Another trademark that was also a major influence in Europe of the Renaissance society was individualism. Individualism during the Renaissance can mean the basic moral foundation that only individuals can benefit, act and suffer, and it also is a belief system that places great importance on the ability of people to act as individuals. The old constraints of manor and church would be where people of wealth and talent are released by the urban life. Due to the fact that the urban elite strive to win fame and glory to fulfill their ambitions, expressing their individual feelings, demonstrating their unique talents and also asserting their own personalities is something they would sought to do. This Renaissance ideal was explicitly elitist (Hunt 18). Valuing what was distinctive and superior in an individual, entirely disregarding the masses, which was not common at all, was only applied to very few people. In the Western soul, individualism became deeply rooted and was expressed by artists, who sought to capture individual character, like for example, by explorers who ventured into the unfamiliar seas, by merchant-capitalists who amassed fortunes and also by conquerors who carved out empires in the New World. Therefore, having said that, the individualism and also secularism really made an impact in the economic growth due to the many increase by trying to obtain fame and power.

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As for the political level, at the expenditure of feudalism, the central government grew much stronger. An example of feudalism would be the expense of having poor people who are paying to stay on rich people’s land. Humanism became quite popular during the Renaissance. Therefore, the political view during the Renaissance era also changed when humanism, the most characteristic intellectual movement, was put into the picture. It affected and changed the way people perceived art, religion, education, and government, all in a positive manner. Humanism is an educational and cultural program based on the study of ancient Greek and Roman literature that became a major influence in today’s world. The humanist attitude toward the ancient times changed from the attitude of the Middle Age scholars, into a Christian worldview from the fit classical learning. For the humanists, to achieve self-cultivation, to write well, to speak well, and to live well was necessary for a guide to the good life. Unlike the Italian humanists, who use classical learning to nourish their new interest in a worldly life, the scholastic philosophers used Greek philosophy to prove the truth of Christian doctrines.

The first great humanists, Francesco Petrarca, most commonly known as Petrarch, is known to be the first great humanist. The ideal world of antiquity and the desire to improve the current world had Petrarch torn between two worlds, not knowing which one to follow. He believed that by studying classical literature, it would help make the world a better place. He, along other humanist, like Boccaccio, admired the formal beauty of classical writing. It was known that, Boccaccio, nine years younger than Petrarch, was an admirer of Petrarch who has written a biography oh him but had not previously met him. At a certain point, Petrarch, Boccaccio, and their followers, made a systematic attempt to discover the classical roots of the Italian rhetoric from carrying the recovery of the classics further. Despite the fact that Petrarch fails to learn the Greek language, he still encouraged his students to master the ancient tongue, and from that, he advanced humanist learning. Cicero, the ancient Roman orator, had drawn the attention of Petrarch. Following the example of Cicero, Petrarch insisted that education should consist not only of learning and knowing, but also to learn how to communicate one’s knowledge and how to use it for public good. Petrarch focused so much on the study of human thought and action that he inspired the humanist philosophy, which led to the intellectual blossoming of the Renaissance. Besides Petrarch and Boccaccio, there were many other successful humanists who contributed to the political change during the Renaissance era (Panofsky 23).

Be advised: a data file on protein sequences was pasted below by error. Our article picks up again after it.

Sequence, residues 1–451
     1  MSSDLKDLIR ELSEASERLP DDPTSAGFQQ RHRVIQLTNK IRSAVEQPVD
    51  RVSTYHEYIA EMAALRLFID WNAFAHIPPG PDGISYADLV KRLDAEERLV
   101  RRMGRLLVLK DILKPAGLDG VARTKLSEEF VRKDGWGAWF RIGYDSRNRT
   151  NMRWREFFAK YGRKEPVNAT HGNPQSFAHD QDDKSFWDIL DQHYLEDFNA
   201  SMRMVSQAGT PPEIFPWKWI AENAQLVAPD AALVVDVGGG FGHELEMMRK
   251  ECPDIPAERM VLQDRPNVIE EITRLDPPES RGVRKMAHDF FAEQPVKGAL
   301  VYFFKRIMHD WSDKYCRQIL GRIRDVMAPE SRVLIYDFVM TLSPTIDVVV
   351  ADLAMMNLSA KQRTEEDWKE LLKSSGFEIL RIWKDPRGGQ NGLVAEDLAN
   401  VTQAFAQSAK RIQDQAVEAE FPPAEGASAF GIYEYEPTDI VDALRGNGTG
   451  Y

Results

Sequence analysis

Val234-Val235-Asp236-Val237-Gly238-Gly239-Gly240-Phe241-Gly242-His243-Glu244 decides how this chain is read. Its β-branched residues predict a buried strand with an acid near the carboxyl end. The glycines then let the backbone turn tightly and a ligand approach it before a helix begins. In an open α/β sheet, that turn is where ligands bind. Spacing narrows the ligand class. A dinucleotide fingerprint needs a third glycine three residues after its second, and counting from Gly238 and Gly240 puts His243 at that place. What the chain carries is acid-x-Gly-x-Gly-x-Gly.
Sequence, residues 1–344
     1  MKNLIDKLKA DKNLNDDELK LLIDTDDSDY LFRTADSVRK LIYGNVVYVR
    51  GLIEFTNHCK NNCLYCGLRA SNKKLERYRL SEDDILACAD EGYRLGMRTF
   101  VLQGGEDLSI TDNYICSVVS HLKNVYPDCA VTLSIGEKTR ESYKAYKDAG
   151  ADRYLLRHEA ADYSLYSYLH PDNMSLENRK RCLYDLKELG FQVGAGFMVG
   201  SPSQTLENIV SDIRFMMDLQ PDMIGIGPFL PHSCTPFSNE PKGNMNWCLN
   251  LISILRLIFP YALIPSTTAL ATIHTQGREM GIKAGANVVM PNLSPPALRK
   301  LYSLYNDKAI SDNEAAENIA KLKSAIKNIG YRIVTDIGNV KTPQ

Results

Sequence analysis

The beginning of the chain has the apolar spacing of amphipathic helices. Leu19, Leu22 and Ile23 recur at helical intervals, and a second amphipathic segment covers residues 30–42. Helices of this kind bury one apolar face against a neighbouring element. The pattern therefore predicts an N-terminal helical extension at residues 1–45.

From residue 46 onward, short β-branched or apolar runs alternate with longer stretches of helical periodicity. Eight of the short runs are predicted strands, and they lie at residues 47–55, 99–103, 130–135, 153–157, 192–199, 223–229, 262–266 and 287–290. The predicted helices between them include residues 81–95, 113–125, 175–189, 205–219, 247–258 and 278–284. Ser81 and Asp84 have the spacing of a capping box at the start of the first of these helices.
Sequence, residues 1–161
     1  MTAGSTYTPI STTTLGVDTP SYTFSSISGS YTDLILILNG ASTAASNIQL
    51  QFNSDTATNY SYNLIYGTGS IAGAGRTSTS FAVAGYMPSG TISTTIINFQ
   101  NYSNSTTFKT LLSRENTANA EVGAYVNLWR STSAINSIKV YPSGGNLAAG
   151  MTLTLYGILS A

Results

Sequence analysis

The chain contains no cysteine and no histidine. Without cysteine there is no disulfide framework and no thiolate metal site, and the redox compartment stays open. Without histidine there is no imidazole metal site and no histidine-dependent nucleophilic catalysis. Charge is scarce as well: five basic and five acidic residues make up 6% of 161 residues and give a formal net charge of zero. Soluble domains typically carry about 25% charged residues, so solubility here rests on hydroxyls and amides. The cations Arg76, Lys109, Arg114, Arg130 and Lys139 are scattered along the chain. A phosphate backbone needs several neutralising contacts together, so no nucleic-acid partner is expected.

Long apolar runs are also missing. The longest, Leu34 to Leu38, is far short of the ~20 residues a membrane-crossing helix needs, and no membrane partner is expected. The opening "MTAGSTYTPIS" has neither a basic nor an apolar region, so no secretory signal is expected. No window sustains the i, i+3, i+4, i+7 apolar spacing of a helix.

Works Cited

  1. Burke, Peter.  A Social History of Knowledge: From Gutenberg to Diderot Polity Press, Cambridge, Massachusetts, 2000.
  2. Har, Michael H. History of Libraries in the Western World, Scarecrow Press Incorporate, 1999, ISBN 0-8108-3724-2.
  3. Panofsky, Renaissance and Renascences in Western Art 1969:38; Panofsky’s chapter “‘Renaissance— self-definition or self-deception?” succinctly introduces the historiographical debate, with copious footnotes to the literature.
  4. Hunt, Shelby D. (2003). Controversy in marketing theory: for reason, realism, truth, and objectivity. M.E. Sharpe. p. 18. ISBN 0-7656-0932-0